Applying to Cambridge can be pretty daunting - most Cambridge students never thought they were going to get in. But if you’re on track for the entry requirements and think you would enjoy Cambridge, definitely give it a shot - it’s only one of your five UCAS choices (or four for medics) and you’ll never know unless you try!

Please note that as current Peterhouse students, we are not really qualified to give you advice about applying and cannot guarantee this page will be up to date.

For up to date, accurate information, the official university and Peterhouse websites are the place to go:

That said, here's some information from our personal experiences, just in case it helps!

Picking a college

While we hope you apply to Peterhouse, the truth is that the colleges are all pretty similar and everyone loves where they end up! There’s no need to apply to a college you think will be undersubscribed. Not only is this difficult to predict (it fluctuates every year), but Cambridge has a system of moderation for the application process, called the ‘Winter Pool’. If an applicant is good enough to be at the university, but a college doesn’t have enough room to offer them a place, they can be placed in the pool where another college can take them. Hence your chances of getting into the university overall are pretty much the same, regardless of which college you apply to (but check the entry requirements as these can vary slightly between colleges, and don’t apply to an all female college if you’re male!). If you really don’t have a college preference you could always submit an open application. But this won’t increase your chances of getting in- you will be allocated to a college and then treated exactly the same as someone who applied directly there.

The Cambridge university website is very good on how to (and how not to) pick a college.

Personal statements

The best advice I got was to treat your personal statement as a ‘love letter to your subject!’ This is easier said than done- even if you are genuinely ‘fascinated by X-topic’ it sounds rather cliche when written down! A good way round this is to demonstrate your interest through articles you’ve read, documentaries you’ve watched, places you’ve visited, debates you’ve had etc. Then pad it out a bit by adding your personal reflections on these experiences and voila, you’re almost there!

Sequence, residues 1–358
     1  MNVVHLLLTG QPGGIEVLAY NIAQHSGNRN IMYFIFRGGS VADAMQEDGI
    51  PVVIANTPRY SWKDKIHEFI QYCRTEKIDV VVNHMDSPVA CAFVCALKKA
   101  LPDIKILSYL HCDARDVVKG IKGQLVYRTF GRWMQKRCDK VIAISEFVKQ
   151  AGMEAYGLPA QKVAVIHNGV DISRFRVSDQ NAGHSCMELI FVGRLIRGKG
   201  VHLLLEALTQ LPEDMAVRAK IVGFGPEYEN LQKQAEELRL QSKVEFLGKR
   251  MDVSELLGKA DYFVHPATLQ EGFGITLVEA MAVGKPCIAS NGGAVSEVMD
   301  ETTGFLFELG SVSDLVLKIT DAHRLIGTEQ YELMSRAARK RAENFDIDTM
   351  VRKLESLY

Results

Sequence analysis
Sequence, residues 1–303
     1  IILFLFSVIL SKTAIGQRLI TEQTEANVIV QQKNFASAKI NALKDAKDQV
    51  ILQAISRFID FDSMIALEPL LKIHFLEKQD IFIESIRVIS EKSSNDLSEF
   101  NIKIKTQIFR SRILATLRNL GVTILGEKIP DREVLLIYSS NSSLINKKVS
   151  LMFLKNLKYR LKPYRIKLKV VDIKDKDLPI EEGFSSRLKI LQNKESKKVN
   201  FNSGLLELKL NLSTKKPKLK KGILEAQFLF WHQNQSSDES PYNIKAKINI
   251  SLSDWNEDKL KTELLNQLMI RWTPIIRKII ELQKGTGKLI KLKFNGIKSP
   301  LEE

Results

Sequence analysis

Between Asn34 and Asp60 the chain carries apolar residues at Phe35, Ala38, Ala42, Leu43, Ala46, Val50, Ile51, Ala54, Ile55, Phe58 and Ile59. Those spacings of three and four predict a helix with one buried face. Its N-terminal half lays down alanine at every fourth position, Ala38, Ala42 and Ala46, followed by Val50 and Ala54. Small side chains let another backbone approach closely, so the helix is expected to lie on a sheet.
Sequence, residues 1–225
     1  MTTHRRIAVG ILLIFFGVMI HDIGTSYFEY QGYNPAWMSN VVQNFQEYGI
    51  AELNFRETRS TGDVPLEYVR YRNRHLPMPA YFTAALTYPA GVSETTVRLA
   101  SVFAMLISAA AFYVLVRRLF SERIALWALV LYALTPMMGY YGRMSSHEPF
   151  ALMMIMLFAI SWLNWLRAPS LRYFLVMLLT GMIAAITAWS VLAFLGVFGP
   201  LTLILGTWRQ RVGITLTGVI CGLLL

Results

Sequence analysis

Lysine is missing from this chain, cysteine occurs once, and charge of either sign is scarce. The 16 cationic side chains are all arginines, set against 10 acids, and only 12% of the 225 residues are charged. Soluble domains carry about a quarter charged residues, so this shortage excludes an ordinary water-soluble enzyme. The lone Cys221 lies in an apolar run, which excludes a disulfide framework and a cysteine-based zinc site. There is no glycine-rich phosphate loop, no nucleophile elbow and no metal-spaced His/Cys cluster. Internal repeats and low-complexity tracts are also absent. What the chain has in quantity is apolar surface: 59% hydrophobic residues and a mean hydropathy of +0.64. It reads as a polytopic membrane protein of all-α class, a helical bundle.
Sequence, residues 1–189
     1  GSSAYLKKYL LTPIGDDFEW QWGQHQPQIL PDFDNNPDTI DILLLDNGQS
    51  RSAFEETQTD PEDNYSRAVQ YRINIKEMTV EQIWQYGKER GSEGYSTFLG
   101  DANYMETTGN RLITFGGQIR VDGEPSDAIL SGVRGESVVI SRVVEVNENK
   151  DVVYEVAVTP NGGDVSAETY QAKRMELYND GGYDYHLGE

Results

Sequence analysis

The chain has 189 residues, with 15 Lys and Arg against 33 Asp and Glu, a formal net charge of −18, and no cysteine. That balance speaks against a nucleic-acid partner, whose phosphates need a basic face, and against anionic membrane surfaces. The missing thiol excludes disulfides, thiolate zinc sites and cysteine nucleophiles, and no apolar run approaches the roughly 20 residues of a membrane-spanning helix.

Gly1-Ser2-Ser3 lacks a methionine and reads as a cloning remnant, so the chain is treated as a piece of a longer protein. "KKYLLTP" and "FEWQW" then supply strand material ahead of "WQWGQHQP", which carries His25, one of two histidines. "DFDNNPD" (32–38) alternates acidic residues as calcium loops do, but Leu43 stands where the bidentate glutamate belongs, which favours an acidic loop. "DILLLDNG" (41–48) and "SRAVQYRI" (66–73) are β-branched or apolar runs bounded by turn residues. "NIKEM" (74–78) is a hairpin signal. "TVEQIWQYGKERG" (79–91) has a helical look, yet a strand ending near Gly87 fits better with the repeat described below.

Obviously anything that shows you’ll be good at your subject (alongside your grades) is useful; it is worth entering some competitions -the essay competition for year 12s organised by Peterhouse is one good example (

Cambridge University usually doesn’t care much about your extracurricular activities. However do mention them if you are also applying to unis that consider them important - and link them to academic skills such as time management, organisation, teamwork etc. if you can (but don’t force it!).

Lots of people (me included) stress far too much about making it perfect - completely original with an impressive introduction and memorable ending. While this would be nice, as long as the content is genuine and you come across enthusiastic about your subject you’ve done a good job - it doesn’t have to be the most beautiful piece of writing in the world!

There is an another personal statement in the SAQ - an additional form you have to fill in if you apply to Cambridge. This is optional- but is a good place to mention why you’re interested in the Cambridge course and teaching style specifically.

Admissions tests